Microsoft said on Monday that it had seized 42 websites from a Chinese hacking group in an effort to disrupt the group’s intelligence-gathering operations.
The company said in a news release that a federal court in Virginia had granted Microsoft’s request to allow its Digital Crimes Unit to take over the U.S.-based websites, which were being run by a hacker group known as Nickel or APT15. The company is redirecting the websites’ traffic to secure Microsoft servers to “help us protect existing and future victims while learning more about Nickel’s activities.”
Microsoft said it has been tracking Nickel since 2016 and had found that its “highly sophisticated” attacks intended to install unobtrusive malware that allowed for surveillance and data theft.
In this most recent case, Nickel was attacking organizations in 29 different countries and was believed to be using the information it collected “for intelligence gathering from government agencies, think tanks, universities and human rights organizations,” Tom Burt, Microsoft’s corporate vice president of customer security and trust, said in the news release. Microsoft did not name the organizations that had been targeted.
The company said it had not discovered any new vulnerabilities in Microsoft products related to the attacks.
“Our disruption will not prevent Nickel from continuing other hacking activities, but we do believe we have removed a key piece of the infrastructure the group has been relying on for this latest wave of attacks,” Mr. Burt said.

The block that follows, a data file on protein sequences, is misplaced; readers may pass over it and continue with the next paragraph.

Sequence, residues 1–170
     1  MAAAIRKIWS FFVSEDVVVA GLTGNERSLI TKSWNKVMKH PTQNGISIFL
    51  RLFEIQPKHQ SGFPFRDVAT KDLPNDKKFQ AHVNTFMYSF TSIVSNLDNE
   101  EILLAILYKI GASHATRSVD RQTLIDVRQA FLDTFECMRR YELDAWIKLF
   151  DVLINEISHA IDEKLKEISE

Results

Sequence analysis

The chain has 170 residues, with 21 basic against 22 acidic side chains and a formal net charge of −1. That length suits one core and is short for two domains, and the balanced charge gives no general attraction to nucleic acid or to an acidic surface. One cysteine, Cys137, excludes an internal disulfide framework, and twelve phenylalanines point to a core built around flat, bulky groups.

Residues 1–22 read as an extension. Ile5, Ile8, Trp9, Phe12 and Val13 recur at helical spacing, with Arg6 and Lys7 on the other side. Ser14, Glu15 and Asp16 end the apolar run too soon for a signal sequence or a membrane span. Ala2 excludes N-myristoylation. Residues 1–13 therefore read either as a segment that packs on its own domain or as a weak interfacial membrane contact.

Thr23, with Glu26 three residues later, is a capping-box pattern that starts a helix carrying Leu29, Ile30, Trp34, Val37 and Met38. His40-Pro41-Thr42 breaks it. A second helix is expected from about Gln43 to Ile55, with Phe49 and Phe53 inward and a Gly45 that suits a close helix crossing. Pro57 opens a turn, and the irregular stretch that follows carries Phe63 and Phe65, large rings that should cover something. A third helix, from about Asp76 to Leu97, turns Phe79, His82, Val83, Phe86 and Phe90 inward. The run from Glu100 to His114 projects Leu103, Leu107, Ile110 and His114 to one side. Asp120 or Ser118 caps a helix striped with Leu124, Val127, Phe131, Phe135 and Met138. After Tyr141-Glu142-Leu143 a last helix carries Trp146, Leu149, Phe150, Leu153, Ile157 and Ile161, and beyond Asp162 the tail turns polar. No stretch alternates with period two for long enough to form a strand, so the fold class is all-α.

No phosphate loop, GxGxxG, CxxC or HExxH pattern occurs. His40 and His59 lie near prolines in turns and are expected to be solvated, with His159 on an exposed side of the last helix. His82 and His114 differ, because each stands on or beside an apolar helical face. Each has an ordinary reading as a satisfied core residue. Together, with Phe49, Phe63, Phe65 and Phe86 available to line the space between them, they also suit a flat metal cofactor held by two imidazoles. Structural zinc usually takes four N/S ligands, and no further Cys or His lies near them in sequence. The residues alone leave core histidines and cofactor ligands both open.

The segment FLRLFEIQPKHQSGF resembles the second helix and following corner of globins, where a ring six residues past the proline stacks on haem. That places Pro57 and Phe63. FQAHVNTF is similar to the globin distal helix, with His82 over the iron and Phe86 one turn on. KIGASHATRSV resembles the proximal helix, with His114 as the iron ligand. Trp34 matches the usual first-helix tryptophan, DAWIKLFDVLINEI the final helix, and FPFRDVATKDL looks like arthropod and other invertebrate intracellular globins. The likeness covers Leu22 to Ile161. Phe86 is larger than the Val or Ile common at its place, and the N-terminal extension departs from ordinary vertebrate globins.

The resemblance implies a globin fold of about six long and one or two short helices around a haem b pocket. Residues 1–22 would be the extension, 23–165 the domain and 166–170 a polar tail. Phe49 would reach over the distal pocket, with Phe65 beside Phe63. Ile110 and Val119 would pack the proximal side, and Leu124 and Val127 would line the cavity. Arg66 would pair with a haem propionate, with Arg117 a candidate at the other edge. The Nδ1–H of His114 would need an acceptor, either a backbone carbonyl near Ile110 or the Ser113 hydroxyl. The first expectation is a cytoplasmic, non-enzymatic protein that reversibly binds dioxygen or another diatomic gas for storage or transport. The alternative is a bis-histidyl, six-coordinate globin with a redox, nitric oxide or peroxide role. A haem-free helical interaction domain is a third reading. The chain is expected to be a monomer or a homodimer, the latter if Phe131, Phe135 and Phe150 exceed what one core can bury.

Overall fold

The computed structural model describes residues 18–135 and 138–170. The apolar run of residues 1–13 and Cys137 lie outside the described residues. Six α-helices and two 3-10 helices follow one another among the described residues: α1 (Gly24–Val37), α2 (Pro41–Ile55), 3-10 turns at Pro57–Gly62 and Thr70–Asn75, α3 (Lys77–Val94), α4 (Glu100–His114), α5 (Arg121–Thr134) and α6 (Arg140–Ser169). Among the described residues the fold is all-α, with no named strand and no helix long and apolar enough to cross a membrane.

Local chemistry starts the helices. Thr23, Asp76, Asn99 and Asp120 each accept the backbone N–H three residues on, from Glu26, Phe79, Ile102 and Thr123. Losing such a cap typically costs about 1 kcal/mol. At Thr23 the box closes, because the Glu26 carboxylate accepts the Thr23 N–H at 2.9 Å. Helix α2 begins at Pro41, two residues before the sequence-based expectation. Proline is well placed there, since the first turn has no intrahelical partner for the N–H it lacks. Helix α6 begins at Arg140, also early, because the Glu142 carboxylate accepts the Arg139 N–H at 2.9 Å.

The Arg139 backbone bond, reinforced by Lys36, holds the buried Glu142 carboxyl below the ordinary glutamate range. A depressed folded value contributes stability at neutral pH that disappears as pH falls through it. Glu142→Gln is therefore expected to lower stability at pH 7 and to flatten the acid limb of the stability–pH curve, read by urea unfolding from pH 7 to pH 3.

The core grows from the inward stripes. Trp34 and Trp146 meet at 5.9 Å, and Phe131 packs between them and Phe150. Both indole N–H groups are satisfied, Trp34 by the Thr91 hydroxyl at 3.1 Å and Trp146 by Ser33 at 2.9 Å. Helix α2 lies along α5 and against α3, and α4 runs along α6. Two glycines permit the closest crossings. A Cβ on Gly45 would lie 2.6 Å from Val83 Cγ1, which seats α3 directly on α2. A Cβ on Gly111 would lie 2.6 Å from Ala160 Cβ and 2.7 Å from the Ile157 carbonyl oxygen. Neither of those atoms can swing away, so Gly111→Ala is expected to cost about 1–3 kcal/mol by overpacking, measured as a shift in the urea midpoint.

Microsoft said it had found that the group often targeted regions in which China has a geopolitical interest. Nickel has targeted diplomatic organizations and foreign affairs ministries in the Western Hemisphere, Europe and Africa, among other groups, the company said.
The company said its Digital Crimes Unit, through 24 lawsuits, had taken down more than 10,000 malicious websites used by cybercriminals and almost 600 used by nation-state actors, and had blocked the registration of 600,000 more.
U.S. cybersecurity agencies have warned that Chinese hacking presents a “major threat” to the United States and its allies.
In July, the Biden administration accused the Chinese government of being responsible for a hacking campaign earlier this year that compromised a Microsoft email service used by some of the world’s largest companies and governments.
Some of the European governments who condemned China at the time accused its government of allowing hackers to operate in Chinese territory, but the U.S. and Britain went a step further, saying that the Chinese government was directly responsible.
China’s Ministry of State Security “has fostered an ecosystem of criminal contract hackers who carry out both state-sponsored activities and cybercrime for their own financial gain,” Secretary of State Antony J. Blinken said at the time.
Liu Pengyu, a spokesman for the Chinese Embassy, said at the time the accusation was one of many “groundless attacks.”
This is a developing story. It will be updated.